High Police visibility

Topic |  

High Police visibility

Topic |  

jayby Atty. Jay I. Dejaresco

We  were on a road trip early this week on the main highway of Bohol and one thing we noted was the visibility of law enforcers from the Philippine National Police from the different  towns of  the province.

This is something that should not go unnoticed because policemen were obviously on alert in this province while people were in observance of the Holy Week, while others, whether locals or visiting  vacationers were criss-crossing the highways onto the many resorts here in Bohol.

In almost every town, even at the height of the Holy Week last Thursday and Friday, elements of the Philippine National Police set up check points on the highway making  sure motorists were safe on the  road.


The check points also served as an effective deterrent against any form of lawlessness.

Thanks to the selfless law enforcers, law and order prevailed during  the Holy Week  break.

The presence of police checkpoints also deterred motorists from dangerous over-speeding

since they had to slow down upon reaching a point checkpoint.

This was became ever so vital specially when church goers during the Thursday and Friday religious activities converge in the different parishes, and even spilled over on the highways, owing to lack of space within the parish premises.

Many parishes are still holding masses in open grounds near the churches that were destroyed by major the earthquake that hit Bohol and the Visayas, two years ago.


Baclayon, Dauis are just a few of the towns with parishes that were destroyed, at least partly, hence parishioners milled around the premises spilling even outside, on each side of the highway.


The police checks therefore became an effective outpost and signal for highway motorists to drastically slow down upon approaching the checkpoints, thus preventing any danger to churchgoers.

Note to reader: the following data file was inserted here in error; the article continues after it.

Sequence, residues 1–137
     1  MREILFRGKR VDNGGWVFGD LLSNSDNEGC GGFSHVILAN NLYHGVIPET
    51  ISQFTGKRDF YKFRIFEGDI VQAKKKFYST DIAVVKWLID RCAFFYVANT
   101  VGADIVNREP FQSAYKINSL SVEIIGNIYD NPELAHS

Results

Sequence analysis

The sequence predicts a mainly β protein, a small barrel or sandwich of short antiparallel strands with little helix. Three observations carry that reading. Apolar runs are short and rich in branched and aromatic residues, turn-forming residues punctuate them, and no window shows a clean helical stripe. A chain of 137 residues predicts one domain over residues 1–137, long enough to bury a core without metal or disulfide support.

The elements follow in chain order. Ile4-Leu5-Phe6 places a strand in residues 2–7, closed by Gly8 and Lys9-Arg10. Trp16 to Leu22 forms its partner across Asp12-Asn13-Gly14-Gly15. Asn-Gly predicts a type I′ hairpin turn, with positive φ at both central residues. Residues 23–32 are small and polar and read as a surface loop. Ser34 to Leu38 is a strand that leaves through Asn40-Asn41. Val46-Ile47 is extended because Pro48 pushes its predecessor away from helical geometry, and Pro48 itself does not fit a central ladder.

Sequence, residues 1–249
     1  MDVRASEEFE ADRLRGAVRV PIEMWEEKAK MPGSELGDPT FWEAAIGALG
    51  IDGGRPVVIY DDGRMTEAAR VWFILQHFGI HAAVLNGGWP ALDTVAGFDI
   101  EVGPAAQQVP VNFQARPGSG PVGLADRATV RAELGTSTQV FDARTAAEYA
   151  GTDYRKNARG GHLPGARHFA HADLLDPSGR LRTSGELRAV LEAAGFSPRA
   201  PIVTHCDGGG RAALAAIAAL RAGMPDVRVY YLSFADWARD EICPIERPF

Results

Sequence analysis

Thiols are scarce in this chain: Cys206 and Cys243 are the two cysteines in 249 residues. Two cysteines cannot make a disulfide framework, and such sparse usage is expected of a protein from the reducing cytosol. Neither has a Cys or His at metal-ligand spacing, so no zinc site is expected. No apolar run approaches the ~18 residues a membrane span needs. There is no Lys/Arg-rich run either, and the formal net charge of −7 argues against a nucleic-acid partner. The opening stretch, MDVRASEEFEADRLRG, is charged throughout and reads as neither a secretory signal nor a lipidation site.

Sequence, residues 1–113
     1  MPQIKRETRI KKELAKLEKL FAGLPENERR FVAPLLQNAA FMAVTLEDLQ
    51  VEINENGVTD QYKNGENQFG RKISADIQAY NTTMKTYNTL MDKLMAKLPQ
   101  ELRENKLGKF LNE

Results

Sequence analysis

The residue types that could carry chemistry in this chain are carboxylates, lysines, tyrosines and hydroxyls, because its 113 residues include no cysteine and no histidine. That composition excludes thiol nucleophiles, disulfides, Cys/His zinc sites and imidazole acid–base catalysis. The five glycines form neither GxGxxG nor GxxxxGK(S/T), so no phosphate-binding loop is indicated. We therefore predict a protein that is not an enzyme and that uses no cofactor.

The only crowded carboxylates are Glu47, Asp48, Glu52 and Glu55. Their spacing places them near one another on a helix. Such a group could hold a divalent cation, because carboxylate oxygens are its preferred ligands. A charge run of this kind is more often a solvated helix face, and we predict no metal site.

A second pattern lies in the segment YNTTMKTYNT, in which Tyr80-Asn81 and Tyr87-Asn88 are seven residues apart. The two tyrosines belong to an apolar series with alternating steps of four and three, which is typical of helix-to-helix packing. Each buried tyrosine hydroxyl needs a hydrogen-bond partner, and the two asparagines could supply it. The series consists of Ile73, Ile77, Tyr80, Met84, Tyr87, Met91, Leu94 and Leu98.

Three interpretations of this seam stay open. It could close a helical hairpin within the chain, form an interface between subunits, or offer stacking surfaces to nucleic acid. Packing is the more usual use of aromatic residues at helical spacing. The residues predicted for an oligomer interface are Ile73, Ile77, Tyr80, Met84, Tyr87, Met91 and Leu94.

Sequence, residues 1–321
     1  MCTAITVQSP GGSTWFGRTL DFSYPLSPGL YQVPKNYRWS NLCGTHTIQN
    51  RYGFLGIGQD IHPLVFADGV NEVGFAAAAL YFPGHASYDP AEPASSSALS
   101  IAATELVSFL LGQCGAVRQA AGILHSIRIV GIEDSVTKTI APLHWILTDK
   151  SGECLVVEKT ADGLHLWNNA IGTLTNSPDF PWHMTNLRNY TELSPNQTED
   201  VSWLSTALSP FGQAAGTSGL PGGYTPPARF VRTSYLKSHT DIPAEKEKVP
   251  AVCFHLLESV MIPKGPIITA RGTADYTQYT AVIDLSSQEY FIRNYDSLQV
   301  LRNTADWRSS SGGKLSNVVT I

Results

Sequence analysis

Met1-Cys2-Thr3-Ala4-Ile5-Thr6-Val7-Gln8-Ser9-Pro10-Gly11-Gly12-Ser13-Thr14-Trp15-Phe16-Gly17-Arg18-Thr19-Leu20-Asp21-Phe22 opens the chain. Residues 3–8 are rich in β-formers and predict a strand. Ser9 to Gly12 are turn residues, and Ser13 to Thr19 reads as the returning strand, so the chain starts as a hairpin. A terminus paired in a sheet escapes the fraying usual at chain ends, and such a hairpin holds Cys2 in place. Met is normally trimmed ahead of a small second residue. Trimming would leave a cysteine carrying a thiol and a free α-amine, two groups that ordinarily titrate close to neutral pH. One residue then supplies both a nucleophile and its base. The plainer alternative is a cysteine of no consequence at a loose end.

The police  check points were also established with utmost professional preparation and execution.

Motorists were not prompted to make a complete stop, only to slow down with  clearly visible signs placed in the middle of the road.


Upon slowing down of every vehicle, police on the side of the road would just make a quick visual examination of the persons in the vehicle, and after sensing nothing unusual that would trigger any suspicion, vehicles would be hand-signalled to proceed on their way.

Policemen were also in there complete uniform, including their name plates made visible, which is a main requirement for any law enforcement authority to legally hold a checkpoint.


Gone are the days of infamous checkpoints during a more abusive past where lawmen manning a check point evoked a freightening, instead of reassuring presence.

We pay tribute to the law enforcers for simply doing their jobs on days that they were needed the most.

It was not an easy task because it meant they had to be away from their families, unlike the rest of the population who were either performing their religious duties, or were just spending good, meaningful time with their own families.

We hope to see continued police presence and visibility.

It is key to maintaining law and order in our society.

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